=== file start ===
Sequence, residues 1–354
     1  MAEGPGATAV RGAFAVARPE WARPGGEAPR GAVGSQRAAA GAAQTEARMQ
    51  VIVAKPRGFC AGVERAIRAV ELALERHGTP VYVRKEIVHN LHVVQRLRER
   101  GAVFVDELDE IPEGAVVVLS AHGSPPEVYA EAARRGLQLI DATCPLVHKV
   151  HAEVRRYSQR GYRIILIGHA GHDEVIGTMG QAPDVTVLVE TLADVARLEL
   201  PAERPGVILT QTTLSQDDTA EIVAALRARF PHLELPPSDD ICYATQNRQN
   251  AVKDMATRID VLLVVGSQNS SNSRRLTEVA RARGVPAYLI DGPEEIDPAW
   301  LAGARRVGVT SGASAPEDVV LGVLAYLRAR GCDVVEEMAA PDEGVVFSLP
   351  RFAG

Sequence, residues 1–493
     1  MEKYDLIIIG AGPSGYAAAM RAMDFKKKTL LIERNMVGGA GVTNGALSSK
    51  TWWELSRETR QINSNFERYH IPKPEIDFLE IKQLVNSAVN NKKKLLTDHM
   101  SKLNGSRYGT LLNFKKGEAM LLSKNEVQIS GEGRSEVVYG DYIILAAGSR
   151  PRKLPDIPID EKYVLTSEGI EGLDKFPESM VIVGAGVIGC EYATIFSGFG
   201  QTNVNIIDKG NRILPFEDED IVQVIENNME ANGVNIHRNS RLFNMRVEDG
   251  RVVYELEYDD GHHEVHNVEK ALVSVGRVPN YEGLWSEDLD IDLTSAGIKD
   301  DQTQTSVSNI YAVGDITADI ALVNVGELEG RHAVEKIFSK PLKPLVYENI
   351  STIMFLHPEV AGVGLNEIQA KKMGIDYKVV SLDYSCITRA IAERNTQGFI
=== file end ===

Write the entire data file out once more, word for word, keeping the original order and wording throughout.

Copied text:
Sequence, residues 1–354
     1  MAEGPGATAV RGAFAVARPE WARPGGEAPR GAVGSQRAAA GAAQTEARMQ
    51  VIVAKPRGFC AGVERAIRAV ELALERHGTP VYVRKEIVHN LHVVQRLRER
   101  GAVFVDELDE IPEGAVVVLS AHGSPPEVYA EAARRGLQLI DATCPLVHKV
   151  HAEVRRYSQR GYRIILIGHA GHDEVIGTMG QAPDVTVLVE TLADVARLEL
   201  PAERPGVILT QTTLSQDDTA EIVAALRARF PHLELPPSDD ICYATQNRQN
   251  AVKDMATRID VLLVVGSQNS SNSRRLTEVA RARGVPAYLI DGPEEIDPAW
   301  LAGARRVGVT SGASAPEDVV LGVLAYLRAR GCDVVEEMAA PDEGVVFSLP
   351  RFAG

Sequence, residues 1–493
     1  MEKYDLIIIG AGPSGYAAAM RAMDFKKKTL LIERNMVGGA GVTNGALSSK
    51  TWWELSRETR QINSNFERYH IPKPEIDFLE IKQLVNSAVN NKKKLLTDHM
   101  SKLNGSRYGT LLNFKKGEAM LLSKNEVQIS GEGRSEVVYG DYIILAAGSR
   151  PRKLPDIPID EKYVLTSEGI EGLDKFPESM VIVGAGVIGC EYATIFSGFG
   201  QTNVNIIDKG NRILPFEDED IVQVIENNME ANGVNIHRNS RLFNMRVEDG
   251  RVVYELEYDD GHHEVHNVEK ALVSVGRVPN YEGLWSEDLD IDLTSAGIKD
   301  DQTQTSVSNI YAVGDITADI ALVNVGELEG RHAVEKIFSK PLKPLVYENI
   351  STIMFLHPEV AGVGLNEIQA KKMGIDYKVV SLDYSCITRA IAERNTQGFI